In November 2015, amid much criticism over the misplaced morality of the censor board, its chief Pahlaj Nihalani had dedicated the song 'Mera Desh Hai Mahaan' to Prime Minister Narendra Modi. But going by recent events, the tribute to the most powerful man in the country might not quite have had the desired effect on the government.
On Friday, the government announced the formation of a committee headed by eminent filmmaker Shyam Benegal to recommend a holistic framework for the country's film censor board, and to suggest changes in the Cinematograph Act, so that artistic creativity and freedom are not curtailed.
This comes days after Information and Broadcasting Minister Arun Jaitley called for a revamp of the Central Board of Film Certification (CBFC), saying that he would like it to be 'controversy free.'
While several filmmakers have complained of arbitrary objections and cuts sought by the Board in the recent past, the censor board had got into a controversy at the beginning of the year 2015 when then Chairperson Leela Samson quit along with 13 board members while accusing the government of treating them in a "cavalier and dismissive manner".
Led by 81-year-old Dadasaheb Phalke Award winner Benegal, the panel which has been announced on Friday also includes filmmaker Rakeysh Omprakash Mehra, ad guru Piyush Pandey, veteran film journalist Bhawana Somaaya, National Film Development Corporation managing director Nina Lath Gupta, and the joint secretary (Films) in the information and broadcasting ministry as the Member Convenor.
Asked if filmmaker Pahlaj Nihalani's role as CBFC chairman remains untouched with the formation of the panel, Mehra said he isn't the right person to answer this question.
However, Mehra stressed that it's "amazing" that the Narendra Modi-led government has taken a step towards "making a beginning" as far as change film certification is concerned.
Director-producer Onir, whose film Chauranga ran into trouble with the board, welcomed the latest development. "Shyam Benegal is a very progressive human being and filmmaker... Just look at the way women in his films have been portrayed. I am really happy with the decision. I admire his sensibility and his intellectual capability. Right now, the Censor Board needs a big change which he will bring."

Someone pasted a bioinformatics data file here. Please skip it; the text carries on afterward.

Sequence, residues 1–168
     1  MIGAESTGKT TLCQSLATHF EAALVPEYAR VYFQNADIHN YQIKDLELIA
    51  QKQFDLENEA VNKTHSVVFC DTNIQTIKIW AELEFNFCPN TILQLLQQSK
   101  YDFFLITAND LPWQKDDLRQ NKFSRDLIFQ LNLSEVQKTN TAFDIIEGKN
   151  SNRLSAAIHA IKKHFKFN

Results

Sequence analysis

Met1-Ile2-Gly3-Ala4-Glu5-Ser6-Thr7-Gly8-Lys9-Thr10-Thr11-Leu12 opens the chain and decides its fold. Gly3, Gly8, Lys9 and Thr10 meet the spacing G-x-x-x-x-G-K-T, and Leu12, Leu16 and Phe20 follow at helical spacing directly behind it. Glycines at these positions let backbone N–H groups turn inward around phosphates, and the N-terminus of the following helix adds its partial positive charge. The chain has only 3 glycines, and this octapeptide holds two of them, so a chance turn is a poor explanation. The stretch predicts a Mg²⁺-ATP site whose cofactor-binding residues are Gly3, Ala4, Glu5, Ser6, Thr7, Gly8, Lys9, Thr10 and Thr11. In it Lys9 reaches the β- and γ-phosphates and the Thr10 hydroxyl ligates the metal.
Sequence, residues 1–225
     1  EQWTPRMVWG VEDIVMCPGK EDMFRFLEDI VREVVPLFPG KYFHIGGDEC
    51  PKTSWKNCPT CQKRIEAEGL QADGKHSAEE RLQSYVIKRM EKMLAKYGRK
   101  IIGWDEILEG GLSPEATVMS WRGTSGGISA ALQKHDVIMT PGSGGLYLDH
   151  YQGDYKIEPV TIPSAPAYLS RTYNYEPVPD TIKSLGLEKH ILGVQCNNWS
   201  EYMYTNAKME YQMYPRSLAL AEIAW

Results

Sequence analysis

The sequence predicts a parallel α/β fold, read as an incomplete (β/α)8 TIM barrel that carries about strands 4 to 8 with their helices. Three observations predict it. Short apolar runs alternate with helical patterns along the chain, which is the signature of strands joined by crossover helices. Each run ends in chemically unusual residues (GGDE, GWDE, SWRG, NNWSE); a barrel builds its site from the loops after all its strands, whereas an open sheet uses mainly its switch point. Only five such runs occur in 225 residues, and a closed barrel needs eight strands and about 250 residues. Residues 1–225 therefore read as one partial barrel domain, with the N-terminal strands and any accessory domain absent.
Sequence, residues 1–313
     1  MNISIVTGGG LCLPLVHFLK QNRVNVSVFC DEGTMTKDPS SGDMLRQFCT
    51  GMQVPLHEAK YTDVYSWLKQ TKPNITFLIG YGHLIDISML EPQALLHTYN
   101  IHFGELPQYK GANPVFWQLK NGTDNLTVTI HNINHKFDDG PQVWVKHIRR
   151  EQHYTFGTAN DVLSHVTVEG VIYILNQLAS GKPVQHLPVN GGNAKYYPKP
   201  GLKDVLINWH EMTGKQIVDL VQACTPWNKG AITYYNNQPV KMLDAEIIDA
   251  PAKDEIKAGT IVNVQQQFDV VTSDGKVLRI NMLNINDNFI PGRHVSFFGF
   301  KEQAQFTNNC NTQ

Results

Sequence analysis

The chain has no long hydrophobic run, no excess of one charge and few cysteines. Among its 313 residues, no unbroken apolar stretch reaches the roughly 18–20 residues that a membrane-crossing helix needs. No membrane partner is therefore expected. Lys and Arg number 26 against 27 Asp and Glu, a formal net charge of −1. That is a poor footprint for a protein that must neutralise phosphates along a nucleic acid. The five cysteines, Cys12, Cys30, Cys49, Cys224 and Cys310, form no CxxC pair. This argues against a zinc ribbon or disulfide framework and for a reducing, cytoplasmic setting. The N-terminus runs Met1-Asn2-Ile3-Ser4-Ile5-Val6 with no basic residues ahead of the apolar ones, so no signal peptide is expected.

Filmmaker Mukesh Bhatt also welcomed the move, saying, ""I welcome this step taken by the government of getting someone of the stature of Mr Benegal to head the committee for the way forward for certification of films in India. I think this is a very positive and healthy move because Mr Benegal has tremendous amount of respect and knowledge in terms of cinema," Bhatt said.
The board has been in the soup for its decisions be it proposing a list of 28 banned words, demanding cuts in films like NH 10, Dum Laga Ke Haisha and Angry Indian Godesses or shortening the kissing scenes in James Bond movie Spectre. Nihalani had defended the list saying, "I have not made up these words. The list was given to me by my office and it was circulated among us. It was not for the media. It was not to be made public. It was given to them to follow the guidelines."
Reacting to criticism over the decision to cut the length of the kissing scenes in Spectre, Pahlaj Nihalani had reportedly said, "This means you want to do sex in your house with your door open. And show to people the way you are doing sex."
"Few thousand people on Twitter don't know what India is. India is a land where people put Gangajal on their face," Nihalani told Mumbai Mirror
In the wake of the furore over the decision, Nihalani was also reported to have been planning to create his own sanskari counter to Spectre. The film has been titled — no prizes for guessing — Sanskari." Of course, last we heard, he had not come up with a storyline for the film. Nevertheless, the title has raised high expectations among film connoisseurs, who might well be wondering if it will match the elegance and sheer class of Mera Desh Hai Mahaan.
With inputs from agencies